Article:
WAVES, the producer of effect plug-in technology for digital audio software
(gives extra effect functionality to Digidesign and Deck among others)
recently introduces MaxxBass. With MaxxBass you can extend bass response
to include frequencies that are two octaves below the original limit.
This new technology takes your bass to the maximum regardless of speaker
size, no matter what the audio source.
MaxxBass allows the perception of low frequencies to be increased while
the actual energy associated with low frequencies is reduced. This makes
the speaker more efficient yet extends the bass response. The result
is a natural reproduction of the signal over tiny speakers and the effect
of a sub woofer over stereophile speakers.
Using MaxxBass on individual tracks while mixing allows for more energy
to exist in that track's overall placement in the mix. This makes the
low frequencies stand-out without "killing" the crisp sound of other
instruments or synthesizer-generated sounds.
Using MaxxBass, you can prepare your audio files for specific reproduction
environments. E.g. when your music will be played through second range
speaker horns hang up in a tree at a local street festival, you can
adjust the bass frequencies in such a way that your bass will come out
of those old and many years used speaker horns. For more modern productions,
such as for example a multimedia game production, Waves MaxxBass comes
with a set of preloads.
We used MaxxBass on a file containing a broad choir with a few lower
mail voices mixed down too much, in comparison to the female members
of that choir. Quite a difficult problem to solve when you wanna "lift"
the volume of the males a bit. Using the bass slider on a mixing table
won't help, as you would distort the original timbre of the females
as well. This is where MaxxBass comes in. Below you see what the file
looks like in the MaxxBass user interface window. The blue line represents
the original bass in the file.
By adding extra harmonics (the yellow line) to the file you get -in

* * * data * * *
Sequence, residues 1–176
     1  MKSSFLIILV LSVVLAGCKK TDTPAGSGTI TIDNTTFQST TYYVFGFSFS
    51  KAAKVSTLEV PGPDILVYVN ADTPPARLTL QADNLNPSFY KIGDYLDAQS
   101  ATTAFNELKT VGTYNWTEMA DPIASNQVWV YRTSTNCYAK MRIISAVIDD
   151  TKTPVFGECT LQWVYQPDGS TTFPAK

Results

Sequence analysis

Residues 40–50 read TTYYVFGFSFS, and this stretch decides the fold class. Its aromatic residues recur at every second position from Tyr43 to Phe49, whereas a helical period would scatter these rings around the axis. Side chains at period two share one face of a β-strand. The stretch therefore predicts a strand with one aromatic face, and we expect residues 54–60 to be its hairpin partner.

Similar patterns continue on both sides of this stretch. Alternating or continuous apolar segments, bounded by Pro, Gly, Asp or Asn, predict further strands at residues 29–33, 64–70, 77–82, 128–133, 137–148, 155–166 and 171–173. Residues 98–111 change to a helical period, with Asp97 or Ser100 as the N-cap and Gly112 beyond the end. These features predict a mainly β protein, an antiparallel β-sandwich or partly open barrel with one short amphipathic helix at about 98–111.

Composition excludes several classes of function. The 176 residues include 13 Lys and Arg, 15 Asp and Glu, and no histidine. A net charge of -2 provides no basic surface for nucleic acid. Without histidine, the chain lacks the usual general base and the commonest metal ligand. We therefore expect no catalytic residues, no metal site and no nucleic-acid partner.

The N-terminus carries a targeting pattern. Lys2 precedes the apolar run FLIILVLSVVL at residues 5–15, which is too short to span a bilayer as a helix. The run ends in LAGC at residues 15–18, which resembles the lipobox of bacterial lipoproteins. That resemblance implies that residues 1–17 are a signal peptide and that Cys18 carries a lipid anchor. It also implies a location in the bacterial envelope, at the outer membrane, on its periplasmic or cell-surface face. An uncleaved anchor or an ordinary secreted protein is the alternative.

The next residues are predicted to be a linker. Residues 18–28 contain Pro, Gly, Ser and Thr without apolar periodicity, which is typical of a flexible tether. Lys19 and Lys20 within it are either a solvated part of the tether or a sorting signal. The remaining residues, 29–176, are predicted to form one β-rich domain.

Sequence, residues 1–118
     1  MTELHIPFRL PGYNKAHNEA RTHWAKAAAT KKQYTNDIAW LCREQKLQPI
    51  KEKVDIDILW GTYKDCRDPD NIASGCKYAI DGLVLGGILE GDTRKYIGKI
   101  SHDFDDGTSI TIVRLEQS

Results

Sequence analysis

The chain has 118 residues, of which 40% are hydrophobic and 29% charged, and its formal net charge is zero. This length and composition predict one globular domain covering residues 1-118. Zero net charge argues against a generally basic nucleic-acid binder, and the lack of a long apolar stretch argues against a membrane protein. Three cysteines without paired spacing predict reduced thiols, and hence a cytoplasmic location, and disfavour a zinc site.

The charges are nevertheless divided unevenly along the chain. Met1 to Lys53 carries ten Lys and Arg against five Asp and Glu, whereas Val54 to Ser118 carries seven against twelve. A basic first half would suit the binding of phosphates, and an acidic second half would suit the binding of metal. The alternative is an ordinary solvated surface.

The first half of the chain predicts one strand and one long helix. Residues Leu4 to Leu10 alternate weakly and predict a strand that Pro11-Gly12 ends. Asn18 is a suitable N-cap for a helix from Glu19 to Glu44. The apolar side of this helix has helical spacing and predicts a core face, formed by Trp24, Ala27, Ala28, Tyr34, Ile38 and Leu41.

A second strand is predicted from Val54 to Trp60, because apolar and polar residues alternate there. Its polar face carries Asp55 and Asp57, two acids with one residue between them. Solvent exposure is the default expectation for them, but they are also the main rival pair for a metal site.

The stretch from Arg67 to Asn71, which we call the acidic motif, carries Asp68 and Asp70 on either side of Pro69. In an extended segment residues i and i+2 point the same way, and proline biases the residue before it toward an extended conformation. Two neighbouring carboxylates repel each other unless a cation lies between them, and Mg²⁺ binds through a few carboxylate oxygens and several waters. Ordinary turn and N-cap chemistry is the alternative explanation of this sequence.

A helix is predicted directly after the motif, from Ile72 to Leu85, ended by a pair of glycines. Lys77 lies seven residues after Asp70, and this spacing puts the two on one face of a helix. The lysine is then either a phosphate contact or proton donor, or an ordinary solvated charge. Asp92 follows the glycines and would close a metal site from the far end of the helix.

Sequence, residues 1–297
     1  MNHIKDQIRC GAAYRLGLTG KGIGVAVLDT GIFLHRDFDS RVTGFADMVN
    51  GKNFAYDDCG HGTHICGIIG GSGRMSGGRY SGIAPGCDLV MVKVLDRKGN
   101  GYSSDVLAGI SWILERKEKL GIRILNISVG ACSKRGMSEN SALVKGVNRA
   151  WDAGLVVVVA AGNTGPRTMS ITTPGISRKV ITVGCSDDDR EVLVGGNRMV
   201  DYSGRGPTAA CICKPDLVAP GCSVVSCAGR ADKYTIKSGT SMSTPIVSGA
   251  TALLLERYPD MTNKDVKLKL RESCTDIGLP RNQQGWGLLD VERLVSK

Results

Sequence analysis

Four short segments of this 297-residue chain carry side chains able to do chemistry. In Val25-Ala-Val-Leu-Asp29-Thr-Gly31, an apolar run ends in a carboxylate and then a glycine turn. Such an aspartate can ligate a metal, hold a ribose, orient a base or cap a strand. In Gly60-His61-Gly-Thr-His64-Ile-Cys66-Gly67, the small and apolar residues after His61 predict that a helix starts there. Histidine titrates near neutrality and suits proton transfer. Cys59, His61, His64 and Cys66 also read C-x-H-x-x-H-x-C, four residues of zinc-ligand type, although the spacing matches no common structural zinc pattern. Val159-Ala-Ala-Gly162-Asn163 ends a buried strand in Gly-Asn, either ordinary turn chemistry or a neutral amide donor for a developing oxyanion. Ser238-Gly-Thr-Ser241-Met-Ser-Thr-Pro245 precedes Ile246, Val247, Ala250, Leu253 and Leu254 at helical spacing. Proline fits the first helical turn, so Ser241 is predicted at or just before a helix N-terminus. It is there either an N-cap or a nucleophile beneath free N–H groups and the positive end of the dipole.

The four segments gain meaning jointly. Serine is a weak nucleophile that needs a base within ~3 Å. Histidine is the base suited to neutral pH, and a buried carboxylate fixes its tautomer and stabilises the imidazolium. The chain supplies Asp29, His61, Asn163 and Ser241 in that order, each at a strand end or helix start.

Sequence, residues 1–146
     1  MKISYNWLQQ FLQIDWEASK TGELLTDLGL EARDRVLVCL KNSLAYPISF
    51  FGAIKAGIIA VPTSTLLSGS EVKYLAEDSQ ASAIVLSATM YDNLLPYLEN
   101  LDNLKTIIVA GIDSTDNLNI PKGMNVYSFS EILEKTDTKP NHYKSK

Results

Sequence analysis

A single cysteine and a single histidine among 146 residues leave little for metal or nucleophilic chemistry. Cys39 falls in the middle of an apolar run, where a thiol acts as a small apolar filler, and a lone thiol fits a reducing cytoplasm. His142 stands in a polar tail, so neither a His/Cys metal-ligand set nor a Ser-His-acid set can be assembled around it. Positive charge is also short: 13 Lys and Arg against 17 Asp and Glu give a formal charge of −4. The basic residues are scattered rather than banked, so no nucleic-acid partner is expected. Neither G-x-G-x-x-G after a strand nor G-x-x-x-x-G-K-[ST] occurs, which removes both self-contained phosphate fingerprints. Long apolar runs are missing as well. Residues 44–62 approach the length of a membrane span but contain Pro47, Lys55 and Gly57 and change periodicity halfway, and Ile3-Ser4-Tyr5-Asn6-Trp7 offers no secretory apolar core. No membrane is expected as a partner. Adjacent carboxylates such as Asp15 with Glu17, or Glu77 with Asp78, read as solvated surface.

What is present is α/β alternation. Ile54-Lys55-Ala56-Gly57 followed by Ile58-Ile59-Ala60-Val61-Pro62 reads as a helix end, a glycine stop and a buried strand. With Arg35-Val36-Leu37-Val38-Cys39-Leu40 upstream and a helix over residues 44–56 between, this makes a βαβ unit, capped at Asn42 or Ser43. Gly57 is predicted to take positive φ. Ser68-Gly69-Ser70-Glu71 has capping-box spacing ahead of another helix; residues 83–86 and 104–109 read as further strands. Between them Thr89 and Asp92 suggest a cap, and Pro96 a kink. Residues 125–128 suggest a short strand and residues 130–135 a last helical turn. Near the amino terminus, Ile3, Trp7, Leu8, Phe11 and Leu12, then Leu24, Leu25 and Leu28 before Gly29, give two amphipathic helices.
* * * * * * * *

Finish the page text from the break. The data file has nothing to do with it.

this case- two results: the lower voices get more harmonics and thus
become better proportioned to the female voices. And the second one
-in this case the result is meant to be used in a multimedia production-
MaxxBass takes care of a better frequency-fit for multimedia use. In
fact two stokes at once. Very good.
MaxxBass enables you to temporarily "shut down" the higher frequencies
while previewing so you get a better judge on the changes you're aiming
at in the bass frequencies. In the example above, all audio is monitored
while previewing the result.
What "shutting down the higher frequencies" looks like is shown in the
screen shot below. At the lower right, the orange MaxxBass switch is
turned on, cutting off higher frequencies while previewing. You only
hear the bass part. As you can see, the clip indicator turns red, telling
you that you are causing digital distortion by too much input. The green
volume indicators however only show you the level of the bass while
the MaxxBass switch is on. If you would return to the green Audio switch
shown above, you would be able to see that the green indicators indeed
are clipping in the red zone. A bit misleading at first view, but is
appears to be a powerful tool when you get a closer look at it. Now
you can exactly position the bass frequencies where you want them to
go. Then return to all audible audio and check if the volume level is
still OK. Presto, your file is optimized for whatever kind of medium
you desire. In the example below we choose another preset: Aggressive,
which makes the bass portion of an audio file sound more aggressive